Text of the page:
* Indian gold importers continue bargain hunting
* Chinese gold demand could grow around 10 pct in 2013-WGC
* Spot gold signals mixed - technicals
By David Brough
LONDON, Nov 30 Gold edged up on Friday, on
course to squeeze out a gain for November, but progress was
capped as the market took its cue from hesitant sentiment in
stock markets on mixed signals around talks to avoid a U.S.
Spot gold gained 0.30 percent to $1,729.91 an ounce
by 1243 GMT, headed for a 1.3 percent weekly drop but a 0.6
percent monthly gain. U.S. gold GCcv1 was up 0.19 percent at
While bullion recovered from a 1-1/2-week low of $1,705.64
an ounce hit on Wednesday in a technically-driven sell-off,
upside resistance held at $1,750 an ounce in a market roiled by
conflicting comments from Washington about the U.S. budget
House of Representatives Speaker John Boehner said on
Thursday that "fiscal cliff" talks with the White House had made
no substantive progress and criticized President Barack Obama
and Democrats for failing to get serious about including
spending cuts in a final deal.
If the parties fail to reach an agreement, $600 billion in
tax hikes and spending cuts - dubbed the "fiscal cliff" - will
automatically start in early January, threatening to push the
world's top economy into recession.
Analysts have said that protracted and faltering progress in
the fiscal talks would support gold's safe-haven credentials,
but the market is in risk asset mode - taking impetus from
stocks and other assets associated with growth.
"We're back in the middle of a range. $1,750 is difficult to
break," said Simon Weeks, head of precious metals at Scotia
"A weaker dollar is the key factor supporting the price, but
gold has still not fully recovered from Wednesday's selloff."
Weeks said that if a breakthrough does emerge in the U.S.
fiscal negotiations, gold would likely initially follow any
bounce in risky assets such as shares and commodities, before
"The knee jerk reaction will be for gold to follow other
markets up or down, and after its initial reaction, it will tend
to decouple," he said.
Technical analysis suggested signals were mixed for spot
gold, as it was not clear that a rebound from Wednesday's low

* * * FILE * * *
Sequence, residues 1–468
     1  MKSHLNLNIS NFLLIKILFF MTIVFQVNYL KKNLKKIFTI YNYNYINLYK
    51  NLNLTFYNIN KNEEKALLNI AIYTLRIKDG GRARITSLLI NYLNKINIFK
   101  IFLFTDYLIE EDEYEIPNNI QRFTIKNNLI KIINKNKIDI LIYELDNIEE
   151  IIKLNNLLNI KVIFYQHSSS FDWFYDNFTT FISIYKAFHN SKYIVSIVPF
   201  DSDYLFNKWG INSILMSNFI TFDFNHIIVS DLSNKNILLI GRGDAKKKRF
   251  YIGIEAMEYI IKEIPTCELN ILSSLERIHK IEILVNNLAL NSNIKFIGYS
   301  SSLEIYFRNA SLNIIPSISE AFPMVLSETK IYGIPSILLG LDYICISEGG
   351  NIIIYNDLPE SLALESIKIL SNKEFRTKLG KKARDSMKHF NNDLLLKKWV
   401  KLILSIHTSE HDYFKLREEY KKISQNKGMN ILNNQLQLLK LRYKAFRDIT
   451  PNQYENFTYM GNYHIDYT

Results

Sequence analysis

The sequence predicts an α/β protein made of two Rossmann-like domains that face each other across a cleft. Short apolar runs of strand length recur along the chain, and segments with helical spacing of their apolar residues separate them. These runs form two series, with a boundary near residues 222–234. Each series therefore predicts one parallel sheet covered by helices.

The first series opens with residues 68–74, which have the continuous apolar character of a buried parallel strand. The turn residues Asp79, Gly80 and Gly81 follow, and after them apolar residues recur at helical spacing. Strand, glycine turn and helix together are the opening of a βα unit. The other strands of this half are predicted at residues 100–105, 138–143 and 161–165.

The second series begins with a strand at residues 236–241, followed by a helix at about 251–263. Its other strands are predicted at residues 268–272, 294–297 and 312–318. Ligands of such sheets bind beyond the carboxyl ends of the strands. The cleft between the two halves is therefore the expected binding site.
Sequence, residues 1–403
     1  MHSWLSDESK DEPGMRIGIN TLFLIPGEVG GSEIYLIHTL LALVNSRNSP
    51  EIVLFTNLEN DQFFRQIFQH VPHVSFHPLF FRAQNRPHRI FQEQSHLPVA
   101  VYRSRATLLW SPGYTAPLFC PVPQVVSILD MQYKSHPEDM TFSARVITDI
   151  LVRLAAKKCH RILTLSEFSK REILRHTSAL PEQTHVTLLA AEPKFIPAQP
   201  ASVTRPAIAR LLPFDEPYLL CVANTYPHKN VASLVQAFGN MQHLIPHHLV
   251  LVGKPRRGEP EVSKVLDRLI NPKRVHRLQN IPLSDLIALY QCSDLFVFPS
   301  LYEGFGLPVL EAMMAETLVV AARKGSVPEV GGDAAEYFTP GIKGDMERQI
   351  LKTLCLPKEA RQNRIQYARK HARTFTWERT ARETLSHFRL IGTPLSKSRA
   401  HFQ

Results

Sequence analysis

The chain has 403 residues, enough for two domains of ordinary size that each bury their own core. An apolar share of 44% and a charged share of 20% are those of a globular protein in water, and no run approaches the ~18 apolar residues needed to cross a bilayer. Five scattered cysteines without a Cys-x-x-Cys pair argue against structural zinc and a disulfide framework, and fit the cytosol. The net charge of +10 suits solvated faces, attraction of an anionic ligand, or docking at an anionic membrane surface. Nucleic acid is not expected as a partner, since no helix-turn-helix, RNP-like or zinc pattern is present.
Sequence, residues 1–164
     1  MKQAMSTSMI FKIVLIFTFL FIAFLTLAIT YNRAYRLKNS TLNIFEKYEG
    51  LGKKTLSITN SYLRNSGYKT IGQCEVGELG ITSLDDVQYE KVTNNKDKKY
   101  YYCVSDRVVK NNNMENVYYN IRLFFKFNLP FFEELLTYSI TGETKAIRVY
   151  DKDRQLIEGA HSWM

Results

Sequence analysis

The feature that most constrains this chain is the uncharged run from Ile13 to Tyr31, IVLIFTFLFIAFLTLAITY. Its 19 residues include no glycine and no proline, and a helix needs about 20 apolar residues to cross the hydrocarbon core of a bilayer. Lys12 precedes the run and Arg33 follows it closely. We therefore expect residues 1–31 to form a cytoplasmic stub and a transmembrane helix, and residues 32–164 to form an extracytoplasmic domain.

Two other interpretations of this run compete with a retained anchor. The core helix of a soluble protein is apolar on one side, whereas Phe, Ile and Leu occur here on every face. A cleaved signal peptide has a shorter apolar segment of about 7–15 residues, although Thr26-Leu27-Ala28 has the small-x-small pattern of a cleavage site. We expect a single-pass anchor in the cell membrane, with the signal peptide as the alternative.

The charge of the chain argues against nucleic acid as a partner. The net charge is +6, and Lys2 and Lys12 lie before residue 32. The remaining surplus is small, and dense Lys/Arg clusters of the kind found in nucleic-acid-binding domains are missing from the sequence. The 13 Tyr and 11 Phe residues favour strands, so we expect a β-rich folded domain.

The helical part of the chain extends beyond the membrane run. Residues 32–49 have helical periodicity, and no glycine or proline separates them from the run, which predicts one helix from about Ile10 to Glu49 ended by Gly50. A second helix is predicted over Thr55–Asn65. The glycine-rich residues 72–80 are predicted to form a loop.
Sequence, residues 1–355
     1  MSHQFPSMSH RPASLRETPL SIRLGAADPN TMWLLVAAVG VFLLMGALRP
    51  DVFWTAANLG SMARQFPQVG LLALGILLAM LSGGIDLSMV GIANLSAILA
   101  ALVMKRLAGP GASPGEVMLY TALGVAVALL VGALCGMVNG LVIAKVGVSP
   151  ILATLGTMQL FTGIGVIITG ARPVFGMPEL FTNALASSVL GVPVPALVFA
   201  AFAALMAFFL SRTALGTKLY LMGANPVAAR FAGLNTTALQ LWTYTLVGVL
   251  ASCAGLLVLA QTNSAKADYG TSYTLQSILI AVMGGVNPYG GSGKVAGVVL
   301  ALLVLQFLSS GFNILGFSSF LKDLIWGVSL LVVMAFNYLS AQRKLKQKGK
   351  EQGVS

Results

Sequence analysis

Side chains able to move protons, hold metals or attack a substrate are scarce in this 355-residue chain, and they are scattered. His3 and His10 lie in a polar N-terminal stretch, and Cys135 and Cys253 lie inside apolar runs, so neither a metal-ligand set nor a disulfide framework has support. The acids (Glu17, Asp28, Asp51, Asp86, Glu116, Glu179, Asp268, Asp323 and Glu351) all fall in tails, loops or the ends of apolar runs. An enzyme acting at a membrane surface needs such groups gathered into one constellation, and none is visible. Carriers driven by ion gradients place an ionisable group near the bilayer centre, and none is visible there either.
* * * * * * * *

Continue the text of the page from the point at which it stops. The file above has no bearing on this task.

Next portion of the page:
$1,705.64 had been completed, according to Reuters market
analyst Wang Tao.
On the investment front, Commerzbank said in a daily market
report on Friday that inflows of gold into exchange-traded funds
(ETFs) highlighted buoyant demand for the yellow metal.
"ETF investors, who are generally regarded as taking a
longer-term view, are proof that gold remains in high demand as
a store of value and a safe haven despite all the price
fluctuations," Commerzbank said.
"We are confident that the gold price will continue to climb
Holdings of SPDR Gold Trust GLD, the world's biggest
gold-backed exchange-traded fund, stood at a record high of
1,347.018 tonnes, up nearly 11 tonnes in its fourth consecutive
month of rise.
Global gold demand in 2013 should be led by further strength
in Chinese demand and a recovery in India, helping the precious
metal continue its bull run into its 13th year, the
industry-backed World Gold Council said on Friday.
Gold importers in India, the world's biggest buyer of the
metal, continued to pile up bargain stock in view of the wedding
season, as prices extended losses for a fourth day to hit their
lowest level in two weeks.
Spot palladium rose 0.19 percent to $683, on course
for a fifth week of gains and a monthly rise of more than 14
percent, its strongest since December, 2010.
Concerns about supply and technical buying helped send
palladium to a 2-1/2-month high of $689 on Thursday.
Norilsk Nickel, the world's largest producer of palladium
and nickel, expects the palladium market to remain in a deficit
in the next several years largely due to a near depletion of
Russian state supplies.
Spot silver inched up 0.23 percent to $34.29, on
course for a monthly gain of more than 6 percent.
Spot platinum was headed for a rise of more than 3
percent in November, and last traded at $1,614.5 per ounce, up
(Editing by Veronica Brown and William Hardy)